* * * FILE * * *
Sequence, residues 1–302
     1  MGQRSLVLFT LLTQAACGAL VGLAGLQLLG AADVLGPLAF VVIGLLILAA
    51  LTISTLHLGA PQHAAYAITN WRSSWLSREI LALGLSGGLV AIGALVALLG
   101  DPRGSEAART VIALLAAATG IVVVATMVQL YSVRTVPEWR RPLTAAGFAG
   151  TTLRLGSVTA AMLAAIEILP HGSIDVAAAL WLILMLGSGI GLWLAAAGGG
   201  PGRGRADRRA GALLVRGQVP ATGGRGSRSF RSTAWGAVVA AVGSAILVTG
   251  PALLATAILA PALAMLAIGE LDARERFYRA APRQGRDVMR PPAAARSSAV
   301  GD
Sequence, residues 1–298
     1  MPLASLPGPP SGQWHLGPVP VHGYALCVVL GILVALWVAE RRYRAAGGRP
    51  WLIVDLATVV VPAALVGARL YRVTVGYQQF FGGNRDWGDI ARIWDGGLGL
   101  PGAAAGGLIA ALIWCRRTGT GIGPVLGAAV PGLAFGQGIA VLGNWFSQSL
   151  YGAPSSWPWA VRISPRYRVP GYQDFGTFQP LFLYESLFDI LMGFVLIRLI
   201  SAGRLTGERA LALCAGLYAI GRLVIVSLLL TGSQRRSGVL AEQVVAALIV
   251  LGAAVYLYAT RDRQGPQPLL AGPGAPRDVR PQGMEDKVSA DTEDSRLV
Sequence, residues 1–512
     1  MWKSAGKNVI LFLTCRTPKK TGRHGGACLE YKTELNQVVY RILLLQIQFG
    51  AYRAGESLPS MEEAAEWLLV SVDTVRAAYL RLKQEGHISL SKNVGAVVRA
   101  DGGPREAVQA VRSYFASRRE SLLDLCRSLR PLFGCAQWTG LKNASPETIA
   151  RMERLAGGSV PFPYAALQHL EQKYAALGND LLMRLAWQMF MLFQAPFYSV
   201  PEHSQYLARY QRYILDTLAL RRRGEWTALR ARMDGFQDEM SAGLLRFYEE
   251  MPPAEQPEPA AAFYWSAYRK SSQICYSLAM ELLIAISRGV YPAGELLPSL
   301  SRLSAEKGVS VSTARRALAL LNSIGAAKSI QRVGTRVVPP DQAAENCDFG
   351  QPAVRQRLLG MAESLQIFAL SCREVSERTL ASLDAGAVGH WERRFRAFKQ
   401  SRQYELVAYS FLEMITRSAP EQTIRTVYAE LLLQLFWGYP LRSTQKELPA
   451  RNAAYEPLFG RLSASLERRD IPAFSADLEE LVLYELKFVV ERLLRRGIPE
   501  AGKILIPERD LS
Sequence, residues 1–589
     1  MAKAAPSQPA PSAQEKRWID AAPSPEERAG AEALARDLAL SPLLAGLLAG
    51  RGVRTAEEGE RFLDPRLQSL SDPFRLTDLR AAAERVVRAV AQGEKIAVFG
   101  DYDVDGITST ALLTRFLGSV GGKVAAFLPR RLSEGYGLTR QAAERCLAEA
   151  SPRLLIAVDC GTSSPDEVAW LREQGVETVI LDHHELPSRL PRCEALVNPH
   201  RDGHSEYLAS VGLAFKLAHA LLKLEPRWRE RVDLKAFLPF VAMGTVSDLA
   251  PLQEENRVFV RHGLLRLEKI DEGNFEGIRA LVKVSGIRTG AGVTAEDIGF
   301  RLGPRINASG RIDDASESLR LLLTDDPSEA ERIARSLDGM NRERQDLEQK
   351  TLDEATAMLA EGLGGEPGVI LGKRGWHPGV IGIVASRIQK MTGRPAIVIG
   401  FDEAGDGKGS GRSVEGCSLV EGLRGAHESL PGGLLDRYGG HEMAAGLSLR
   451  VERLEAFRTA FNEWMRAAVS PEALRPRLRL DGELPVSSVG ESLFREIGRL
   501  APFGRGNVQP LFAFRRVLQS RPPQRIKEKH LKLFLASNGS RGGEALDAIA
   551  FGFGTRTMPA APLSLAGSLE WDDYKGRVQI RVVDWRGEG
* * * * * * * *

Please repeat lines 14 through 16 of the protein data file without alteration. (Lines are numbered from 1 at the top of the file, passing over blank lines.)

   201  SAGRLTGERA LALCAGLYAI GRLVIVSLLL TGSQRRSGVL AEQVVAALIV
   251  LGAAVYLYAT RDRQGPQPLL AGPGAPRDVR PQGMEDKVSA DTEDSRLV
Sequence, residues 1–512